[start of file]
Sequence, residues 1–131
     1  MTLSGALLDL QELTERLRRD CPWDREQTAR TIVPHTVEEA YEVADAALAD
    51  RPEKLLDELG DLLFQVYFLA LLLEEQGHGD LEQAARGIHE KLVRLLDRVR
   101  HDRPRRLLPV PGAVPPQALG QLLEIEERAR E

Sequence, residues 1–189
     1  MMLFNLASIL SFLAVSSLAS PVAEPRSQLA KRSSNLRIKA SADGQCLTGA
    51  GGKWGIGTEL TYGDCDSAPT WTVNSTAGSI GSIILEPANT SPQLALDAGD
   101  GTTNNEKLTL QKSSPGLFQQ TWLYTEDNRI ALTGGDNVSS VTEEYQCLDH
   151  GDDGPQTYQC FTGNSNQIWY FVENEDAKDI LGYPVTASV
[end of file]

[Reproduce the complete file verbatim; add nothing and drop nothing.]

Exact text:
Sequence, residues 1–131
     1  MTLSGALLDL QELTERLRRD CPWDREQTAR TIVPHTVEEA YEVADAALAD
    51  RPEKLLDELG DLLFQVYFLA LLLEEQGHGD LEQAARGIHE KLVRLLDRVR
   101  HDRPRRLLPV PGAVPPQALG QLLEIEERAR E

Sequence, residues 1–189
     1  MMLFNLASIL SFLAVSSLAS PVAEPRSQLA KRSSNLRIKA SADGQCLTGA
    51  GGKWGIGTEL TYGDCDSAPT WTVNSTAGSI GSIILEPANT SPQLALDAGD
   101  GTTNNEKLTL QKSSPGLFQQ TWLYTEDNRI ALTGGDNVSS VTEEYQCLDH
   151  GDDGPQTYQC FTGNSNQIWY FVENEDAKDI LGYPVTASV